On Friday, the Corn and Soy Mentors were joined by the Nebraska Pork mentors for the final two industry stops. First the group toured the Union Pacific Harriman Dispatch Center in downtown Omaha. Affectionately referred to as the bunker, the dispatch center is where the movement of more than 850 trains is tracked. The center is staffed 24 hours a day, 7 days a week. Students were then introduced to the many career and internship opportunities in the company. UP hires many recent graduates to a variety of departments, there are jobs for many different majors! The final stop of the 2015 tour was Farm Credit Services of America. Farm Credit has consistently been named one of Omaha’s best places to work, and the students found out why. Kelly Rutter and Craig Kinnison gave great presentations on the company and the kind of culture FCS wants for its employees. The Corn and Soy Mentor students will have their final meeting in September, before ending the year-long program. The program is sponsored by the Nebraska Soybean Board, the Nebraska Corn Board, the Nebraska Soybean Association, and the Nebraska Corn Growers Association.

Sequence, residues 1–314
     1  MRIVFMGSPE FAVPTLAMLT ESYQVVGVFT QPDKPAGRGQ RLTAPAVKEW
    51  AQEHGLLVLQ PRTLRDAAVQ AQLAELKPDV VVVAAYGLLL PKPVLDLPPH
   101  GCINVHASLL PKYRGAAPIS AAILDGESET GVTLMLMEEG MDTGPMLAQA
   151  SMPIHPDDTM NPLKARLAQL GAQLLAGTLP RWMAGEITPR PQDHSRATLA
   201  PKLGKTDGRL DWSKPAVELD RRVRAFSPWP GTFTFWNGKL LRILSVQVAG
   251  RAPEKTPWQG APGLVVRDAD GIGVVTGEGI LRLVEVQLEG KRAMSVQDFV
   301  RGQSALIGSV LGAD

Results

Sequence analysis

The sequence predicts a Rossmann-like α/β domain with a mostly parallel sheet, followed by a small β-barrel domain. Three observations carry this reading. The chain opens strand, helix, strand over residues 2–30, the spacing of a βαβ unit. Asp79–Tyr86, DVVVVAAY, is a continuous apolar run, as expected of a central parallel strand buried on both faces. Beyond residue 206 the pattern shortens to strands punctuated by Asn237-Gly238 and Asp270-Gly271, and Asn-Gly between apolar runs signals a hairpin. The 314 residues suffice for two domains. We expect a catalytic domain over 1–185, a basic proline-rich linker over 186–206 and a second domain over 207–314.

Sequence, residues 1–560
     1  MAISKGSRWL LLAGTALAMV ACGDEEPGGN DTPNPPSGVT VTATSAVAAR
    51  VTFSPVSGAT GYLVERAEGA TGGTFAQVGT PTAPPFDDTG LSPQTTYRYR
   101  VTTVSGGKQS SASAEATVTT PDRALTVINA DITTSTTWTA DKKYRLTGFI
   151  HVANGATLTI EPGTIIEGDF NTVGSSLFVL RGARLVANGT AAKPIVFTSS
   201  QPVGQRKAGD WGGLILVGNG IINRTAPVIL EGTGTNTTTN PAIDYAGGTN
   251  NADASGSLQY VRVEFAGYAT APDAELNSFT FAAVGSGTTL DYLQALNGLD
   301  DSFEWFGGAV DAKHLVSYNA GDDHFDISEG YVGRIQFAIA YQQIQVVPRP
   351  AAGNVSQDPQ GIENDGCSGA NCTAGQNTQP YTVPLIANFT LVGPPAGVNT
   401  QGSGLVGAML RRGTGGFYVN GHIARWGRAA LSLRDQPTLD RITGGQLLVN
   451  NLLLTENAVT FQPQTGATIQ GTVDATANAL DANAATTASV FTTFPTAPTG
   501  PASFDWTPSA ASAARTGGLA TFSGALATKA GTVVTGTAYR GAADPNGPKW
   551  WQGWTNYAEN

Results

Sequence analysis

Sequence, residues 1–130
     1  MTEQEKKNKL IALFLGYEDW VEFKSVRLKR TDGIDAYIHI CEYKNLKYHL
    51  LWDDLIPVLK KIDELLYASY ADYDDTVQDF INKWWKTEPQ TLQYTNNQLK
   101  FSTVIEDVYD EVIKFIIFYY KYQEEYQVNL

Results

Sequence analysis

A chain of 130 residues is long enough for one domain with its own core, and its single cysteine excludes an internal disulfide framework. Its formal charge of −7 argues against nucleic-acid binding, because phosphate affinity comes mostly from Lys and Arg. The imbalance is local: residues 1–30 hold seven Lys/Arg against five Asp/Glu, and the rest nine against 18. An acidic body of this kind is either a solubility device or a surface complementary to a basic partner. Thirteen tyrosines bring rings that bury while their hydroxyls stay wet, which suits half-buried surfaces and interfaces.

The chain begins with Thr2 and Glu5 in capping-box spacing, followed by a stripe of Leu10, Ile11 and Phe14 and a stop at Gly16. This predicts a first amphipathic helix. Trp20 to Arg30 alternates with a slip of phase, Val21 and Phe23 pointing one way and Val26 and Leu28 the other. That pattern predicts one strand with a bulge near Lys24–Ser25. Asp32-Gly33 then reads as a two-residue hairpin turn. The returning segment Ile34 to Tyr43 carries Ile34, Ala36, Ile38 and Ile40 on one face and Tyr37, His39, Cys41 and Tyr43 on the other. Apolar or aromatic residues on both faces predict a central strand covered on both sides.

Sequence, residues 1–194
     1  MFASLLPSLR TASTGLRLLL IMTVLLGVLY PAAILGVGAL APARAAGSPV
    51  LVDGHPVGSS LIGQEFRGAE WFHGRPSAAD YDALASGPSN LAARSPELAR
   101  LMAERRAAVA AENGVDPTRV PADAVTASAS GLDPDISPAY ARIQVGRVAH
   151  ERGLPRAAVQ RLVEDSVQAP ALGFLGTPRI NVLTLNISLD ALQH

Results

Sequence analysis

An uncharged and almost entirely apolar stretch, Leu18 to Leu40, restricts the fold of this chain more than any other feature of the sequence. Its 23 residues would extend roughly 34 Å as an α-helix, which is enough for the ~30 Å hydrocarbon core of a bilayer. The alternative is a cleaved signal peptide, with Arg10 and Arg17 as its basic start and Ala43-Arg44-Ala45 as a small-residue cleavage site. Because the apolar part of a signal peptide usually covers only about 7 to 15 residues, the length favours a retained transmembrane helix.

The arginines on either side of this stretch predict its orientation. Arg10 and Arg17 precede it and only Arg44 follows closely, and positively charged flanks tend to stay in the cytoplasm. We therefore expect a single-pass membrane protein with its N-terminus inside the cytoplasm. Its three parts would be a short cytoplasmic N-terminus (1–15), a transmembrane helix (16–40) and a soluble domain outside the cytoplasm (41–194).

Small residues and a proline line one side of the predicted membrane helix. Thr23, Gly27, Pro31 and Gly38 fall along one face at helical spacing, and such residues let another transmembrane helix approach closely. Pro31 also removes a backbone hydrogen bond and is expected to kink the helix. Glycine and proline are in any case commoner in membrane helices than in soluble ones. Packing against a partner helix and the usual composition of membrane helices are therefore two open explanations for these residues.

Goal I: Have a strong and vital Nebraska Corn Growers organization supported by a grassroots membership.

  1. Have 2,500 members by March 31, 2016.
  2. Develop projects encouraging more local participation.
  3. Develop membership value programs and recruiting incentives.
  4. Develop programs that recognize outstanding agricultural contributors.
  5. Have 18 active and viable local organizations by the year 2016.

Goal II: Educate the public regarding corn production and utilization.

  1. Cooperate with the Nebraska Corn Board to achieve this goal.
  2. Educate and inform agricultural stakeholders on issues that affect our industry.
  3. Become more actively involved in non-agriculture organizations.
  4. Develop a relationship with the media sources, providing information and materials.
  5. Inform the public of the value of the Nebraska Corn Growers Association.

Goal III: Provide effective representation in legislative and regulatory settings.

  1. Be represented in the Nebraska legislature by a lobbyist, qualified staff and corn farmer participation.
  2. Encourage each local to meet at least once a year with its state senator, and encourage association members to be in contact with national congressional members on issues affecting Nebraska.
  3. Develop a strong grassroots system to address issues at state and national levels.
  4. Have association leadership involved in entities which directly and indirectly affect Nebraska.
  5. Support and encourage members to take part in opportunities to attend activities of national scope.

Goal IV: Provide leadership in our state and national organization.

  1. Encourage Nebraskans to seek a national leadership position with NCGA and cooperator organizations.